The flow of fluids explains how airplanes fly, why a curveball curves, why atherosclerotic plaque clogs arteries, why Jupiter's red spot is changing size, and how hurricanes form. Yet it is difficult to see fluids flowing: you can't see the wind, or ocean currents, without the techniques of flow visualization. Flow visualization reveals an invisible world of fluid dynamics, blending scientific investigation and artistic exploration. The resulting images have inspired, and in some cases themselves become appreciated as, art. At Lafayette College, a sophomore-level seminar in The Art and Science of Flow Visualization exposes students to these techniques and the science of fluid mechanics, and to the photographic methods needed to create effective images that are successful both scientifically and artistically. Unlike other courses in flow visualization, this course assumes no a priori familiarity with fluid flow or with photography. The fundamentals of both are taught and practiced in a studio setting. Students are engaged in an interdisciplinary discourse about fluids and physics, photography, scientific ethics, and historical societal responses to science and art. The development, implementation, and assessment of this team-taught course will be discussed.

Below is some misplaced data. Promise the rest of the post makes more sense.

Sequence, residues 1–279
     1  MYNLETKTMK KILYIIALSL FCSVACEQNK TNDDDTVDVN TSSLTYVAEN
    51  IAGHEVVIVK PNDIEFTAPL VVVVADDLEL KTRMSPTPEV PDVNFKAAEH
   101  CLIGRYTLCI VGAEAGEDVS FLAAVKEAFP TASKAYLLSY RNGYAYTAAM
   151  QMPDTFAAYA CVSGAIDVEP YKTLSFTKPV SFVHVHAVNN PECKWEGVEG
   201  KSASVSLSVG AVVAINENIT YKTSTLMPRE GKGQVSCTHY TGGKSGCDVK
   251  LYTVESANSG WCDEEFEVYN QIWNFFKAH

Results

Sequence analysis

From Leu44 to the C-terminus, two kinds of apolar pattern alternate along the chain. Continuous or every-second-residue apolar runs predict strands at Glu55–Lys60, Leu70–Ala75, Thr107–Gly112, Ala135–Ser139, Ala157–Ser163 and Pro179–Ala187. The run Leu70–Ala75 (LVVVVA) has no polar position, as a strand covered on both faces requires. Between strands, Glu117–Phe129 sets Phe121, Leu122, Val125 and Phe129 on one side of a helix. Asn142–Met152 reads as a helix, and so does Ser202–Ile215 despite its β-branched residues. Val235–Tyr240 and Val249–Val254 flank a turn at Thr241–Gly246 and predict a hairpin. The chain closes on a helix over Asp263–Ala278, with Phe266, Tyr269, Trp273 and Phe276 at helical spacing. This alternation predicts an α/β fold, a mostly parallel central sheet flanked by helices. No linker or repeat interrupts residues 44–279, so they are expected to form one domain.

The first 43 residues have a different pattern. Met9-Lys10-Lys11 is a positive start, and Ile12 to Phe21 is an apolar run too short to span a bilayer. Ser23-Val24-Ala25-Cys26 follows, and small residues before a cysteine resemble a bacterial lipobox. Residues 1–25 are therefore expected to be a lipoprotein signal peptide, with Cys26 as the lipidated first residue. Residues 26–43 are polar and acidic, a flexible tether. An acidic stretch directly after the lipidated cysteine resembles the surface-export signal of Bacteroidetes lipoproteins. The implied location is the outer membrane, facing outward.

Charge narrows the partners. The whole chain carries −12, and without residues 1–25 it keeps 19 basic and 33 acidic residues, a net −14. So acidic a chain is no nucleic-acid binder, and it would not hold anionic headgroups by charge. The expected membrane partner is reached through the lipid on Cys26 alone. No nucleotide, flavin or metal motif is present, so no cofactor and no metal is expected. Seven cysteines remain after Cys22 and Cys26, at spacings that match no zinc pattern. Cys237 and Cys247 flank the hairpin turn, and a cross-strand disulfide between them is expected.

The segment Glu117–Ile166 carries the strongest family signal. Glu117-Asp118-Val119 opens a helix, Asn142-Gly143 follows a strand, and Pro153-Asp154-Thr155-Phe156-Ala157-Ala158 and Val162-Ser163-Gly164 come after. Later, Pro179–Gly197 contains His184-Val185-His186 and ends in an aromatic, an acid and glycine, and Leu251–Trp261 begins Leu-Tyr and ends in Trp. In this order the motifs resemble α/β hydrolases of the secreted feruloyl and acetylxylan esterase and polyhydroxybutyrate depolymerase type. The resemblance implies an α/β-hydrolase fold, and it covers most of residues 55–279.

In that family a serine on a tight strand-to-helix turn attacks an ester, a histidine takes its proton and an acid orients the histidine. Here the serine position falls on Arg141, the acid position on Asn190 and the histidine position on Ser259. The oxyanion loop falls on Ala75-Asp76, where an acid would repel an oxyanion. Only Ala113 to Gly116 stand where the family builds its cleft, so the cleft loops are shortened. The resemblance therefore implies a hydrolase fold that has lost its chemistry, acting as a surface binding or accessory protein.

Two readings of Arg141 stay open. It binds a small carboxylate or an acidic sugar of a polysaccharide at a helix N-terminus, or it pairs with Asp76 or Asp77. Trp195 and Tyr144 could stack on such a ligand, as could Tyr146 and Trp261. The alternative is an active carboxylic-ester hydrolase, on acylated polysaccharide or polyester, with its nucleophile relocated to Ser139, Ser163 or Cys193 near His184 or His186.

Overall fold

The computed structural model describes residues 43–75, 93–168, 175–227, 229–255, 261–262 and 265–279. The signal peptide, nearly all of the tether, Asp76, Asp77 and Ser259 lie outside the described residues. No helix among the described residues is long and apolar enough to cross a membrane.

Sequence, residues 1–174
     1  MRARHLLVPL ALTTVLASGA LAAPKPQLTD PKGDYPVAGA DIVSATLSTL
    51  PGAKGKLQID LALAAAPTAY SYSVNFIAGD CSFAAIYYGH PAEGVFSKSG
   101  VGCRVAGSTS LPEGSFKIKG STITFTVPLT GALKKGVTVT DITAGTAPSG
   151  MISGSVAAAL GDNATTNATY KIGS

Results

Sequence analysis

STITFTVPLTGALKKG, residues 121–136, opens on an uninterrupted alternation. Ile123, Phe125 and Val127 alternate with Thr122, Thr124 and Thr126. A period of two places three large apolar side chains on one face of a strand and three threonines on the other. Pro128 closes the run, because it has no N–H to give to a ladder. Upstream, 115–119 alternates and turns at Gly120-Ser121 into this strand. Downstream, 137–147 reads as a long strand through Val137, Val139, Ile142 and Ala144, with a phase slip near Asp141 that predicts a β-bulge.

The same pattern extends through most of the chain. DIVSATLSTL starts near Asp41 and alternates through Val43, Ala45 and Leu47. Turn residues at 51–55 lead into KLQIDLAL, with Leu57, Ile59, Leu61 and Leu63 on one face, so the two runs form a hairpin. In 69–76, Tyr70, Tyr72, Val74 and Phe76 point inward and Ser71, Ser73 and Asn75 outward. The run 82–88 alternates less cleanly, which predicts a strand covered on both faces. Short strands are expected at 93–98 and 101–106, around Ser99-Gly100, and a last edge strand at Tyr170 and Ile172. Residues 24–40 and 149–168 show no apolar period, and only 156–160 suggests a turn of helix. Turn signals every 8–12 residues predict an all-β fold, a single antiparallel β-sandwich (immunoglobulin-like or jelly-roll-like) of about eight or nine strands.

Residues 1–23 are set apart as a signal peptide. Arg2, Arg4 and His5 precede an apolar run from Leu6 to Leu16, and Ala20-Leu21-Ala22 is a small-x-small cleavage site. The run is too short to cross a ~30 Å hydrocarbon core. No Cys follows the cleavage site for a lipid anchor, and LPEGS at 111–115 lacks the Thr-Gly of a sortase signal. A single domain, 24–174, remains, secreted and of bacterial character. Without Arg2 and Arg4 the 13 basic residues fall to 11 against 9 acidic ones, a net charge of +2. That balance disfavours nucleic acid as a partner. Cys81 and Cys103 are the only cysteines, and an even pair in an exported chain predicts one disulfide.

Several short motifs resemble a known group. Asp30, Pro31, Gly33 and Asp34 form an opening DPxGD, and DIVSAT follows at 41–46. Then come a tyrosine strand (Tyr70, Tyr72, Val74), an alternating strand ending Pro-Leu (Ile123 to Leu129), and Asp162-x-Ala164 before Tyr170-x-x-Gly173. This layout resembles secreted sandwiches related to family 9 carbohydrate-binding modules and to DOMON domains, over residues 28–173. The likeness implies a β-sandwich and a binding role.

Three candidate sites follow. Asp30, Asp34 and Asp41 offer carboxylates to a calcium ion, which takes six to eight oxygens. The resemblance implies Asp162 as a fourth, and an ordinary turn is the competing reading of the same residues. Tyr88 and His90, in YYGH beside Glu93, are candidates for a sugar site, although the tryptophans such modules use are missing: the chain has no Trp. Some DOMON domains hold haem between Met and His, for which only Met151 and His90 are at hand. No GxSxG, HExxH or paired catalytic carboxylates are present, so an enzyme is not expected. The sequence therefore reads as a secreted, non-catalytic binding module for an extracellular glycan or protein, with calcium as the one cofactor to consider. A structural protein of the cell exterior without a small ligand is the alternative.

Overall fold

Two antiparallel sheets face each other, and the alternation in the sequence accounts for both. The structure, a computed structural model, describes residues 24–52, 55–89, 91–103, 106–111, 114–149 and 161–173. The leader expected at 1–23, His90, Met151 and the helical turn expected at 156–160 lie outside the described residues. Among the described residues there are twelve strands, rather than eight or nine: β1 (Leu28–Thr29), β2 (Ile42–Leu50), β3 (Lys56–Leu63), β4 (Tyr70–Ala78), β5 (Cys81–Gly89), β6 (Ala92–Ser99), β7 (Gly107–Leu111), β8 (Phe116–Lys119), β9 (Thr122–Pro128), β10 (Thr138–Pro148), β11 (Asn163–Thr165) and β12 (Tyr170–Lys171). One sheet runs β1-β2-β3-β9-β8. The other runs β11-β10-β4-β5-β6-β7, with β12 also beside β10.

You don't need a weatherman to know which way the wind blows: The art and science of flow visualization
Rossmann, J. S. and K. A. Skvirsky (2010) "You don't need a weatherman to know which way the wind blows: The art and science of flow visualization." In 40th ASEE/IEEE Frontiers in Education Conference (pp. F2F-1 - F2F-4). Piscataway, NJ: IEEE.